We visited Margate on our jaunts around Kent; we went to see the new Turner Contemporary art gallery, and while strolling in the sunshine we came came across this sad memorial to nine brave men who ventured out in a lugger into wild seas on January 9th, 1857 to go to the aid of an American ship, the Northern Belle.
The Northern Belle had run aground on the Foreness Rock near Thanet in Kent. Another lugger, the Ocean did reach the Belle and rescued nine out of the thirty-four people on board. The remaining men were rescued by tow lifeboats which had been hauled by horses overland across snowy fields from Broadstairs, to be launched from a beach where they could make a rescue. The two lifeboats, the Mary White rescued seven of the crew, and the Culmer Rose rescued a further fourteen men and finally, last of all the pilot and the captain. All were saved… but the nine men of the Victory had all drowned.
John Smith, William Emptage, Johnn Emptage, Isaac Solly, George Smith, Abraham Busbridge, Henry Paramour, Chares Fuller and Henry Bath… the oldest was sixty-three, the youngest just twenty-two. Families were bereft, Isaac for example, had at least eight children. The amount of money raised for the bereaved families shows in what high regard these men were held, and how much their sacrifice was respected; in those days a hundred years before the welfare state, charity was all that people in this situation could rely upon.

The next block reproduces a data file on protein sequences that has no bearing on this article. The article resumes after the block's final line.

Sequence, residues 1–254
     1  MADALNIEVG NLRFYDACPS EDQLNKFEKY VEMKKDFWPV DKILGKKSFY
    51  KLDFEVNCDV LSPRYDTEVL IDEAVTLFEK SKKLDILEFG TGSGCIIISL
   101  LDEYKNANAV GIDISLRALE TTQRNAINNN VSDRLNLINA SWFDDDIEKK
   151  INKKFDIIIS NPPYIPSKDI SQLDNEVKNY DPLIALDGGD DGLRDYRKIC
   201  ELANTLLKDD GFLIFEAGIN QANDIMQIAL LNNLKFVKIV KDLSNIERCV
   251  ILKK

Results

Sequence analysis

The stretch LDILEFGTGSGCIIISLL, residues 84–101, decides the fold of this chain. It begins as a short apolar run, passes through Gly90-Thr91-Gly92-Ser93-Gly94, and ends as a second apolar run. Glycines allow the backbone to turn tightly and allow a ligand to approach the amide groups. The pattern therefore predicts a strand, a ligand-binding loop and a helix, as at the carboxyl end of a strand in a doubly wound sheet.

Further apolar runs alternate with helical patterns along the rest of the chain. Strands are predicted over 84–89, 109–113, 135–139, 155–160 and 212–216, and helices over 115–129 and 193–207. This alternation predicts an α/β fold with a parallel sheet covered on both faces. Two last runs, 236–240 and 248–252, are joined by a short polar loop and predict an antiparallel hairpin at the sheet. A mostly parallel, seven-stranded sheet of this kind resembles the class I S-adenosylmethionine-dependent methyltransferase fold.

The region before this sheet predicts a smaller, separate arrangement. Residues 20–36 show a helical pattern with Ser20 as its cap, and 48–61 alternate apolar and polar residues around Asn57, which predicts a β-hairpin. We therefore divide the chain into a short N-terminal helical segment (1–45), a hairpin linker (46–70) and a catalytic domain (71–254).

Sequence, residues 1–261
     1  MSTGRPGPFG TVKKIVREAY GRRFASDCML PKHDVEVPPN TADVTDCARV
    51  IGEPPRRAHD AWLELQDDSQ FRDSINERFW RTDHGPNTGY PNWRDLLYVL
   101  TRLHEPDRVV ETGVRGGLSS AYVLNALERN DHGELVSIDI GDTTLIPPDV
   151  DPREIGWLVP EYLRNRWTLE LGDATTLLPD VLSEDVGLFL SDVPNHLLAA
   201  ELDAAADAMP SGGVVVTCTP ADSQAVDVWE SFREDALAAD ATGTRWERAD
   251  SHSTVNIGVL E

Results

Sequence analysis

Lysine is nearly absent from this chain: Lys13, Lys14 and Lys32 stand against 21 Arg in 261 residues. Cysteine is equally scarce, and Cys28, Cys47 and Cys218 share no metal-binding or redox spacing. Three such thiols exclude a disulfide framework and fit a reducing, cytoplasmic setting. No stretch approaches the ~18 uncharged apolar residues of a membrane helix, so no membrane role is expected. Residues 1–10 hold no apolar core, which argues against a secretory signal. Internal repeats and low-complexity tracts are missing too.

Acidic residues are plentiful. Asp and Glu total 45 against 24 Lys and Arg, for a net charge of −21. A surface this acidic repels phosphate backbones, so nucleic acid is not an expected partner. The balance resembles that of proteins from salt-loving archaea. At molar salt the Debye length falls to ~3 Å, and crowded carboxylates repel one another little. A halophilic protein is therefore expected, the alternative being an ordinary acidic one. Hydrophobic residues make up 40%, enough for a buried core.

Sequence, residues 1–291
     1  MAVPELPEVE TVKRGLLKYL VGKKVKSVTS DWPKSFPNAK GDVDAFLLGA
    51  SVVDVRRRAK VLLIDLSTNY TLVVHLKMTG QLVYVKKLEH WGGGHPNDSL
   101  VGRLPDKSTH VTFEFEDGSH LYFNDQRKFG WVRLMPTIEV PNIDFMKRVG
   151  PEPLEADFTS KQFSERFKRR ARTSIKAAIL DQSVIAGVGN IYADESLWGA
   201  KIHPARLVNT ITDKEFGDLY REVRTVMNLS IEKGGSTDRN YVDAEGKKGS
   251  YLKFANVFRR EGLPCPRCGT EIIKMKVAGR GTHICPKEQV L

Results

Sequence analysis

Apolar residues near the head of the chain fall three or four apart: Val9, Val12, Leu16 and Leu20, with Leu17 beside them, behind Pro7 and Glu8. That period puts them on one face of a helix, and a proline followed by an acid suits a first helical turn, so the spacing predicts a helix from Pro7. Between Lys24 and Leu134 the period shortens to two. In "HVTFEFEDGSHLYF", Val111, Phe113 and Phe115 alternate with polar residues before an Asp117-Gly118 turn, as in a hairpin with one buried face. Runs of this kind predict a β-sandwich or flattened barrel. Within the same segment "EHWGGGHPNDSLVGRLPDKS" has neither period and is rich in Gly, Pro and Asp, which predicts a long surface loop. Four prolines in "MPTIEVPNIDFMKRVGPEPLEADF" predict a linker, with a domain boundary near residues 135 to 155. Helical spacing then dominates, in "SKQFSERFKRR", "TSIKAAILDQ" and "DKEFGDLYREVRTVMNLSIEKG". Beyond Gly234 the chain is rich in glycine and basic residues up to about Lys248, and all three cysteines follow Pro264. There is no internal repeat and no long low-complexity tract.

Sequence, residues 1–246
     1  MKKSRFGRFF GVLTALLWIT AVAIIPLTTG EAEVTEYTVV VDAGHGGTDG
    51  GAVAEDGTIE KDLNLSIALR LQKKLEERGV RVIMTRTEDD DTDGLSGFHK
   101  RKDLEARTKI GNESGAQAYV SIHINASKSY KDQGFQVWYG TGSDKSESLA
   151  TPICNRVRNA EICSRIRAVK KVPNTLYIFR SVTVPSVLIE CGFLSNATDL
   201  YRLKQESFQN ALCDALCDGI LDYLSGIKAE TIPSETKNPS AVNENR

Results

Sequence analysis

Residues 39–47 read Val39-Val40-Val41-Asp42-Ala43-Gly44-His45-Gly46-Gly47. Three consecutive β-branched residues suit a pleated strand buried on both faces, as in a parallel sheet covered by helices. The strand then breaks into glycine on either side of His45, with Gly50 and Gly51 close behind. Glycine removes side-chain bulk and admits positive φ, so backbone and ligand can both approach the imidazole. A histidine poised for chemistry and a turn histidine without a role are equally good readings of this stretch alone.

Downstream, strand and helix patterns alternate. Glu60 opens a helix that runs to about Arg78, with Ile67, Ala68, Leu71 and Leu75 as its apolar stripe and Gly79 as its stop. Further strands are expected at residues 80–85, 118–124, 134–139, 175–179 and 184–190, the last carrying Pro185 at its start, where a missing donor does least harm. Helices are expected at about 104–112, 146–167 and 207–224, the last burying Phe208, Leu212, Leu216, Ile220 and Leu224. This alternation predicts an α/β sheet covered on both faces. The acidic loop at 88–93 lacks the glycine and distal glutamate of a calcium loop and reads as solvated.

A lugger is a type of small sailing boat, often used for fishing; its name comes from the sails it has, the lugsail, the standing lug, the balance lug and the dipping lug.I don’t know much about sailing but apparently a lugsail was one of the earliest fore-and-aft rigs and in this meaning the word might have originated from middle Dutch meaning to trawl.
I wrote about the word ‘lug’ before, but I didn’t mention lugsails. here is what I wrote:
Here is an interesting post about the new memorial: